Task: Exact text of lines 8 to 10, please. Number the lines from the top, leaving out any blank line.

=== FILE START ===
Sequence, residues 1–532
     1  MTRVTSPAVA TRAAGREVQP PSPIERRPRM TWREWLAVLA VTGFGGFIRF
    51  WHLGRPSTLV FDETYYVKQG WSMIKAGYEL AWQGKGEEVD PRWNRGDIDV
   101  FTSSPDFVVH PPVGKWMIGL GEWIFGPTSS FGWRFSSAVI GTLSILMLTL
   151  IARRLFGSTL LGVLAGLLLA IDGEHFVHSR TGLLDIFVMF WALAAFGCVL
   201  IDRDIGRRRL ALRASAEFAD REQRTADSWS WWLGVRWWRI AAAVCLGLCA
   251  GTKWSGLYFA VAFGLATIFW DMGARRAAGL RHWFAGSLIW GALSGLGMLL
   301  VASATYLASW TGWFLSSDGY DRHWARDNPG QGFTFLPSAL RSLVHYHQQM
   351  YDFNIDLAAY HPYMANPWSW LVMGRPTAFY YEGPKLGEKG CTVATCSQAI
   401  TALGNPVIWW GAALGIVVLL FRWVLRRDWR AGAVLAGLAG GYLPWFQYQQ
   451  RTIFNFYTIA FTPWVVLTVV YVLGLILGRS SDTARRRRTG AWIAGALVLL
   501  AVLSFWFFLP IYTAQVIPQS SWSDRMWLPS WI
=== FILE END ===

   301  VASATYLASW TGWFLSSDGY DRHWARDNPG QGFTFLPSAL RSLVHYHQQM
   351  YDFNIDLAAY HPYMANPWSW LVMGRPTAFY YEGPKLGEKG CTVATCSQAI
   401  TALGNPVIWW GAALGIVVLL FRWVLRRDWR AGAVLAGLAG GYLPWFQYQQ